Here’s a detailed breakdown of some of the main acids and vitamins found in Kombucha. Many of these do contribute to vital functions of the body (like red blood cell production, immune system functions, etc). While it would be inaccurate to say just because you drink a drink that contains these that you will directly benefit in a certain area of health, certainly HAVING these nutrients available daily may optimize your body’s regulatory functions.
Enzymes / Amino acids / Organic Acids
- Glucuronic acid: This is a detoxifier that can help eliminate toxins found in things like plastics, pesticides, and resins. Glucuronic acid also helps produce glucosamines which the body can use to repair and regenerate damaged cartilage (you may have heard of the supplement Glucosamine). As such, Kombucha may just aid in helping soreness and recovery.
- Lactic Acid: There’s a of lactic acid produced as the by product of fermentation in Kombucha. You can get it from other fermented foods such as Kefir and cultured veggies too, but it’s present in Kombucha. Lactic acid has a lot of proven benefits to the body: it can aid the digestive system, helps to regulate ph levels, it aids in circulation and can prevent constipation.
- Acetic Acid: This can inhibit the spread of harmful bacteria.
- Usnic Acid: This is a naturally occurring antibiotic. It is present in Kombucha.
- Oxalic Acid: Stimulates the product of entry between cells.
- Malic acid: aids in liver detoxification
- Gluconic Acid: helps to break down caprylic acid which benefits people who suffer from yeast infections. Butyric acid: helps product the cellular membranes and with Gcluconic acid, prevents yeast infections.
Includes the following B Vitamins
- Vitamin B1 (Thiamin): helps prevent weakened immune system
- Vitamin B2 (Riboflavin): can prove beneficial against allergies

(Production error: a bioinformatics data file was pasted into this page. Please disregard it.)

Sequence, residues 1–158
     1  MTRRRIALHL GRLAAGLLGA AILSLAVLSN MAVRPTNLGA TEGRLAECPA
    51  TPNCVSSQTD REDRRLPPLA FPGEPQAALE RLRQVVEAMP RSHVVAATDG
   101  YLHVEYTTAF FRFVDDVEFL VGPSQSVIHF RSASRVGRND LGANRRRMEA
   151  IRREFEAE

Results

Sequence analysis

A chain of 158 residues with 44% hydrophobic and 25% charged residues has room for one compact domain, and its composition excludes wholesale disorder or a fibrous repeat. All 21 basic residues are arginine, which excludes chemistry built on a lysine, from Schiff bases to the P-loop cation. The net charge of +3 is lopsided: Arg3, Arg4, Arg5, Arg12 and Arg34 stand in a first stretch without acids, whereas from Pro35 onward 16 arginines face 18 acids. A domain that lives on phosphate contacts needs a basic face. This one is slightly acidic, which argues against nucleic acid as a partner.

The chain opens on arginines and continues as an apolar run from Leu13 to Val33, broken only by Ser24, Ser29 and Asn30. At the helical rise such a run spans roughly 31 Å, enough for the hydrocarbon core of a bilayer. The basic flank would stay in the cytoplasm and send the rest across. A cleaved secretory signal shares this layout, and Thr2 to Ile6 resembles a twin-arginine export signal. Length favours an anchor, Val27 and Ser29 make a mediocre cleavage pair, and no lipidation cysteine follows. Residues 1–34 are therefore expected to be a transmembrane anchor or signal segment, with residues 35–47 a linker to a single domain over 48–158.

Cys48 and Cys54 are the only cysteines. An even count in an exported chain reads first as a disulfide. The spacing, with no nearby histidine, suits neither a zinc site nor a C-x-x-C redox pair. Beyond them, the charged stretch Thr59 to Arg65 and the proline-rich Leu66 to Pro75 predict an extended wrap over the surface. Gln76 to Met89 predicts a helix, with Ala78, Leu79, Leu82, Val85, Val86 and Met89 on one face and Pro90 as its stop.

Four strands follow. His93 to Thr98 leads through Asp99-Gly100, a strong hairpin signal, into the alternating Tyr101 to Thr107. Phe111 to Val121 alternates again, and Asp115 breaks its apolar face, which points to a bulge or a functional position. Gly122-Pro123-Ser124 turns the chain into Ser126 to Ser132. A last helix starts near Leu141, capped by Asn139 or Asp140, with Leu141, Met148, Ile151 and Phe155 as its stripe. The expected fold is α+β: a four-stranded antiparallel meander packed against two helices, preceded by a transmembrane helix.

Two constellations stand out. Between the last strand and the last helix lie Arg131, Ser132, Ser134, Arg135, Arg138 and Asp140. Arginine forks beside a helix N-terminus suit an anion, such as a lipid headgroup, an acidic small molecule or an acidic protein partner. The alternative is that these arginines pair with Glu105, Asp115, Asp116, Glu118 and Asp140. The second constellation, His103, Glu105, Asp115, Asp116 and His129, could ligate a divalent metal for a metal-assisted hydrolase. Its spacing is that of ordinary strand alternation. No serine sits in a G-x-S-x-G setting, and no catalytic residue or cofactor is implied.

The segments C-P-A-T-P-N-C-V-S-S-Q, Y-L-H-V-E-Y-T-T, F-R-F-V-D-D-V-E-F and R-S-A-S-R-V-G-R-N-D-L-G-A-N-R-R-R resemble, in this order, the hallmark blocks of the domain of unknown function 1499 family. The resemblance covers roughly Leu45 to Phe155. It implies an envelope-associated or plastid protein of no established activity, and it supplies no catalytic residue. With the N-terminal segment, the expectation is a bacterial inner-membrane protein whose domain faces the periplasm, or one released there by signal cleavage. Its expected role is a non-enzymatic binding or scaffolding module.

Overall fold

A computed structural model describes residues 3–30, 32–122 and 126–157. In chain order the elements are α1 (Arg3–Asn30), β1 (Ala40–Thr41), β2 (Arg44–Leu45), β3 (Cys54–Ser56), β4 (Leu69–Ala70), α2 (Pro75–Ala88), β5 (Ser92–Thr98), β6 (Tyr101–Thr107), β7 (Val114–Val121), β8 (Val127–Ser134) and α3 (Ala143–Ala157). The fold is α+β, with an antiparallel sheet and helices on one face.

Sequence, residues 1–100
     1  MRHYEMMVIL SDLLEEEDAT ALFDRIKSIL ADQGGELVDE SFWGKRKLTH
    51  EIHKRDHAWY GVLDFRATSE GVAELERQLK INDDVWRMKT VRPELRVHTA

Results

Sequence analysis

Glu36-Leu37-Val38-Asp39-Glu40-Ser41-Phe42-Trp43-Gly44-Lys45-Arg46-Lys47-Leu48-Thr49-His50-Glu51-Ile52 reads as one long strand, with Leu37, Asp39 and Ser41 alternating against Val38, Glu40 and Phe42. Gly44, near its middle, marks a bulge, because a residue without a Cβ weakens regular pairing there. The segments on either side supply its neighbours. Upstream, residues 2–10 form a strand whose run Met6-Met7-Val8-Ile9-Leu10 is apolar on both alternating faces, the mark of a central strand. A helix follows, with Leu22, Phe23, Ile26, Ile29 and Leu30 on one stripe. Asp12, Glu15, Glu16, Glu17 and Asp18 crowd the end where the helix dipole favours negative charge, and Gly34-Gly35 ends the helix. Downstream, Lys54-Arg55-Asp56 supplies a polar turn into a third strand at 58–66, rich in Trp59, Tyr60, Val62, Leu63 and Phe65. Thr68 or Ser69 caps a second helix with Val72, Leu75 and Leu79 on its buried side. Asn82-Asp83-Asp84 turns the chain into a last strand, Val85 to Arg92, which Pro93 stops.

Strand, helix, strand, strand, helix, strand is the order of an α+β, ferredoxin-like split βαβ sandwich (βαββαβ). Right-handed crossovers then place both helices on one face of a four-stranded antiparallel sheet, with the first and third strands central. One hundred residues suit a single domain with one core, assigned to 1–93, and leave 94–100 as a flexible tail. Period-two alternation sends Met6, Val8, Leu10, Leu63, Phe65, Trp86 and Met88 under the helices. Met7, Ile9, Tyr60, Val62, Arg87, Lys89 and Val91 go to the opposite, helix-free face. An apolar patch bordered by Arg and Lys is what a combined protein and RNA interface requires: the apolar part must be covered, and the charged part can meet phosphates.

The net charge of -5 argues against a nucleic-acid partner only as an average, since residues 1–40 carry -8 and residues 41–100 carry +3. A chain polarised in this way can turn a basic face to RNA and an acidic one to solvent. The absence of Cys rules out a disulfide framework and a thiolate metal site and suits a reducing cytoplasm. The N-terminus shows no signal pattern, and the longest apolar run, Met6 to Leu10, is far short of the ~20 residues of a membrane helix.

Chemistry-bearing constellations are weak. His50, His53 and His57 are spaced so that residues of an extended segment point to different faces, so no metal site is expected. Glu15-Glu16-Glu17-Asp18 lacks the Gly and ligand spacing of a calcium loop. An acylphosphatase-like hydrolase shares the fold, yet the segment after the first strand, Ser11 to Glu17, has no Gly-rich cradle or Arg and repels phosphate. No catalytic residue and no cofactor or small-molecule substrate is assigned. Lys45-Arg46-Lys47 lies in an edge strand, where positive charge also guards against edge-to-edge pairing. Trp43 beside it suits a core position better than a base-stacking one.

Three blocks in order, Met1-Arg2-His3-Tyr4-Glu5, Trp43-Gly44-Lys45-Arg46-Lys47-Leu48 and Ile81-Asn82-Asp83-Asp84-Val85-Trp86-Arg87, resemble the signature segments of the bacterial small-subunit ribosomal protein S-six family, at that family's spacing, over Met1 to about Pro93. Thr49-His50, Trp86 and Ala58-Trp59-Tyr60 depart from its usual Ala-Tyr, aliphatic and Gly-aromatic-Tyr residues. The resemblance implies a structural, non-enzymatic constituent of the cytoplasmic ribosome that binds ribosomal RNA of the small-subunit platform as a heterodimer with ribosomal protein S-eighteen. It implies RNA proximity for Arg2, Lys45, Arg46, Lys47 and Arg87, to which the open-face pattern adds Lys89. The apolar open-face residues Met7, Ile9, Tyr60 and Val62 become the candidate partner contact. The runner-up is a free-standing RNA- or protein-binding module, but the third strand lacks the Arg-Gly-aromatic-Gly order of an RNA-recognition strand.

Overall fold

- Vitamin B3 (niacin): can aid in healing of skin tissues
- Vitamin B6
- Vitamin B12 (Cobalamin): helps with red blood production and assists in immune system functions
The Benefits of Kombucha: Why You Should Drink It
We’ve given some of the direct nutrient benefits above. But how does this break down in real life? I mean just because you eat vitamins and organic acids, does not mean you are going to necessary directly benefit from such.
The truth is that there are a number of wild claims about Kombucha being the elixir of life, curing you from all manner of ailments and diseases from Cancer to Hair Loss. But many, if not most, of these are simply marketing hype. Kombucha likely does NOT cure most of what the alternative health circles claim. Many studies have not yet shown direct for or against evidence that Kombucha does what it says.
However, though studies have not directly confirmed benefits, there’s a lot of anecdotal wisdom out there about how effective Kombucha can be at boasting some aspects of human health. I’ve personally seen these benefits myself and in other people who drink Kombucha regularly, over and over again. But ultimately, you will have to try Kombucha yourself to decide. Remember, there is a pretty potent nutrient profile in every cup of Kombucha and a serious dose of probiotics — science is JUST starting to study and understand how powerful gut health can be on the overall digestive, immune, and mental health of humans. Probiotics alone are known to greatly improve gut health.
So it’s not a stretch at all to say the Kombucha is a pretty healthy drink, and depending, may provide a serious boost to your gut health.